Strategic ‘Withdrawal’ Leaves EU Dependent on Others to Solve Its Problems

Strategic ‘Withdrawal’ Leaves EU Dependent on Others to Solve Its Problems
French and Iranian energy officials at a bilateral agreements session, Paris, Jan. 28, 2016 (AP photo by Stephane de Sakutin).

Would anyone like to save Europe from itself? The continent is presently enduring economic weakness, an influx of refugees, rising nationalism and a general sense of insecurity. All too often, its leaders’ collective response to these multiple threats is not to take decisive action but to look around for someone else to do so, echoing the motto of Charles Dickens’ eternal optimist, Mr. Micawber: “Something will turn up.”

The range of “somethings” that might dig Europe out of its strategic hole is broad. Russia could become more moderate, easing security fears. Turkey and African states might adopt robust policies to control refugees, reducing the pressure on European Union member states to either integrate or expel them. Perhaps China can invest more in the EU, salvaging its economy. And Iran might just take steps to stabilize the Middle East in the wake of last year’s nuclear deal, with big economic and strategic benefits all around.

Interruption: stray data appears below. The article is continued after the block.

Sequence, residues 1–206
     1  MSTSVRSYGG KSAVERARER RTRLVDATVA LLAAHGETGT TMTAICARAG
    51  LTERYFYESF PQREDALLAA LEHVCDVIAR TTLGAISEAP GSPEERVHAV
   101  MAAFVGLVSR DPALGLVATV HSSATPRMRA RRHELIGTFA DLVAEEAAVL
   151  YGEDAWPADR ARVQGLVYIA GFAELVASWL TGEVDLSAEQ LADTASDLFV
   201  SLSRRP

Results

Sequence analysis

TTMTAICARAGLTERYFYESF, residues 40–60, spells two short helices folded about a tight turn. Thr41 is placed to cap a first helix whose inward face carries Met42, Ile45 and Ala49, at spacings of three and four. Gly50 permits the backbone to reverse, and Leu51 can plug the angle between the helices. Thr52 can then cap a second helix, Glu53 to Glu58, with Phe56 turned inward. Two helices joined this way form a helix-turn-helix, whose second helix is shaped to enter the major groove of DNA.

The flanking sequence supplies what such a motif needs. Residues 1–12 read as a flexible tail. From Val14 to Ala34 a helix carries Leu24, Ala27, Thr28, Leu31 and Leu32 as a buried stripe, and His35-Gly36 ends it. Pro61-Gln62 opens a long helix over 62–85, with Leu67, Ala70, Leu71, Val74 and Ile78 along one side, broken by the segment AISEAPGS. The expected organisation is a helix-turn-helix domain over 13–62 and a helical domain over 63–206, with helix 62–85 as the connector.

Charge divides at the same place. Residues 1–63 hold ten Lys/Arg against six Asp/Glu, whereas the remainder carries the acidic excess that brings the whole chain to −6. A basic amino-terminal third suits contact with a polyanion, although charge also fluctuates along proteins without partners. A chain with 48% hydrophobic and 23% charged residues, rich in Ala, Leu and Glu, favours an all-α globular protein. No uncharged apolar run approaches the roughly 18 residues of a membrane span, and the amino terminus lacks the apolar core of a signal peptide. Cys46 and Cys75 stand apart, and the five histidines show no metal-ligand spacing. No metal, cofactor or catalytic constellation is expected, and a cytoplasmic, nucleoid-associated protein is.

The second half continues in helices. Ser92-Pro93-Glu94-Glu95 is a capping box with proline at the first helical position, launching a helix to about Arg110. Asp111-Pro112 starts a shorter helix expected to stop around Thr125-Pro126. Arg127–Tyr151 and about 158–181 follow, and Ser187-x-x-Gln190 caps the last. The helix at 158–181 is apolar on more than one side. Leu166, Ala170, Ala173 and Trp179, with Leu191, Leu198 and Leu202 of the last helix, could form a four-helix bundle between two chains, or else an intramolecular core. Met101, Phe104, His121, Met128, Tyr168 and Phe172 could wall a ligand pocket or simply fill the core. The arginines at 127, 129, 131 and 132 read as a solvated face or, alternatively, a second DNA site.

Last week, the Iranian option was at the forefront of many Europeans’ minds, as President Hassan Rouhani visited Rome and Paris to jumpstart economic relations after the end of sanctions. In France, Rouhani signed off on a deal to purchase 118 Airbus aircraft. This is clearly pretty good economic news, with potentially positive strategic side effects, but it highlights the ways in which European politicians are now addicted to injections of cash from their Middle Eastern and Asian partners. Britain, France and pretty much all other members of the EU are, after all, constantly vying to outbid one another for Chinese investments.

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